A previous post looked at the missions of the forthcoming US Space Force. Once you see the missions and how they are handled today, it’s straightforward to figure out an organization for the new service. A service that, if they really want to do something great, could put a weasel in space. Why would the pigs have all the fun?
First off, many functions headed toward the Space Force are coming from the Air Force, so let’s look at how the Air Force is organized. Airmen are organized into squadrons, groups, and wings, and then assigned to a ‘numbered air force’ which is a headquarters led by a two-star or three-star general. Fourteenth Air Force runs much of the space missions, so let it become Fourteenth Space Force. This force will be in charge of space launch, surveillance of space, satellite communications, weather observation, and navigation via space. Since I included missile offense as a mission, Twentieth Air Force can become Twentieth Space Force and bring its three missile wings with it. Now we need some additional space forces to cover other missions. Let Twenty-Sixth Space Force be created to take charge of reconnaissance operations conducted today by the National Reconnaissance Office (NRO). The three Aerospace Data Facilities of the NRO and the National Reconnaissance Operations Center (NROC) would fall under this force. Finally, put missile warning forces and missile defense forces together under a new Twenty-Seventh Space Force. These forces would be assigned to Space Command, which is today known as Air Force Space Command. Space Command would conduct all operations for the Space Force.
All development activity would be performed by a Space Development Agency. With the missions in mind, we can look at what development organizations would transfer from the services and agencies into the SDA. First, the Space and Missile Systems Center (SMC) is today part of Air Force Space Command. SMC conducts development of systems for the Air Force. Missile Defense Agency (MDA) is a DoD agency conducting research and development toward missile defense problems. It should be absorbed in its entirety into SDA. Under MDA can be placed the Technical Center of Army Space and Missile Defense Command. I discussed how NRO operating organizations would become part of Space Command. Development activities within NRO would instead become part of SDA. There are parts of the service laboratories and other organizations that might make sense to pull into the SDA as well. Examples include the Space Vehicles Directorate of Air Force Research Laboratory, the Naval Center for Space Technologies at Naval Research Laboratory, and some parts of Space and Naval Warfare Systems Command (SPAWAR), including the Space Field Activity.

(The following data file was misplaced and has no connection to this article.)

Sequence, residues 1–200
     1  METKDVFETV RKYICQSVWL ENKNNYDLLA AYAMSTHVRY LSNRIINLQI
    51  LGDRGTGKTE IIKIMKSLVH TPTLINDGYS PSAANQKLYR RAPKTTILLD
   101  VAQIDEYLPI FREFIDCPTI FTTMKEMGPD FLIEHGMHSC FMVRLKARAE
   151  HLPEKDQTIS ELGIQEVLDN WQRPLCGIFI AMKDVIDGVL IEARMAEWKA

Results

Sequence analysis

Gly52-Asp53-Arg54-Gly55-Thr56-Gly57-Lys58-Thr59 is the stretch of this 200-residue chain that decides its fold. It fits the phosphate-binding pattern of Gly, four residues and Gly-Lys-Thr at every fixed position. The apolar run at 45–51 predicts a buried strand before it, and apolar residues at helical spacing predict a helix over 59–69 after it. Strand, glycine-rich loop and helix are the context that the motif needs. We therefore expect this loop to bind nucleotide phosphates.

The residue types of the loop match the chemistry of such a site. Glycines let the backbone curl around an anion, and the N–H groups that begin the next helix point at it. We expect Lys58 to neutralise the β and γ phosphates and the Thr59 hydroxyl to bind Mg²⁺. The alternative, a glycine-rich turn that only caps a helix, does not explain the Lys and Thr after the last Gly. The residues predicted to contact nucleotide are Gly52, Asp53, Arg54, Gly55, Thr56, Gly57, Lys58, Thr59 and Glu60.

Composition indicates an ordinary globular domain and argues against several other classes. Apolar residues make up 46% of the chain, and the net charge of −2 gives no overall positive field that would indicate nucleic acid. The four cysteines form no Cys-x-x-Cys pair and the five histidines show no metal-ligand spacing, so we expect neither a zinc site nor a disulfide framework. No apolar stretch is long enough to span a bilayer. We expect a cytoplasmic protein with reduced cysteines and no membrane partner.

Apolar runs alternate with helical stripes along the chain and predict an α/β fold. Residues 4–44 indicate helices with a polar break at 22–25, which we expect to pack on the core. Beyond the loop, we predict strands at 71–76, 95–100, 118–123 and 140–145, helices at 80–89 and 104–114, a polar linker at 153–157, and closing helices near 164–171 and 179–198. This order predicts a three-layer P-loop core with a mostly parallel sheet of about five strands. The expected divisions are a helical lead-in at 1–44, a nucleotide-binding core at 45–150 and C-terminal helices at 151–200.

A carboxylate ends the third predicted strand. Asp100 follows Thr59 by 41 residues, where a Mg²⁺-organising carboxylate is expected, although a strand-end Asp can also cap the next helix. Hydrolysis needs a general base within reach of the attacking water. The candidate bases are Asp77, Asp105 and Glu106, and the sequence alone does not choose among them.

There are some other functions required for a fully-capable Space Force, such as training and personnel management. This topic gets very detailed, so I think I will tackle it in a later blog post.
Also note, some space missions today are conducted with support from reserve units of the Air Force and Army, and possibly the Navy as well. In addition, some space missions are supported by units of the Army and Air National Guard. so a plan to develop a US Space Force is not complete without a plan for a Space Force Reserve, and for a Space National Guard in six or more states.
Here’s a summary of the US Space Force top-level organization
Space Command (all operations)
~ 14th Space Force (space launch, orbit surveillance, and control of satellites for communications, navigation, and weather)
~ 20th Space Force (missile offense/deterrence)
~ 26th Space Force (reconnaissance)
~ 27th Space Force (missile warning and missile defense)
Space Development Agency (all research, development, systems acquisition)
~ Space and Missile Systems Center
~ Missile Defense Development Center (former MDA plus SMDC Technical Center
~ Space Reconnaissance Development Center (former NRO development orgs)
~ Space Research Laboratory (USAF & USN Space Labs)
~ Space Education and Training Command
~ Space Force Reserve Command
~ Space National Guard
I will (in my obsessive way) provide more detail in a future blog post that looks at wing, group, and squadron organizations.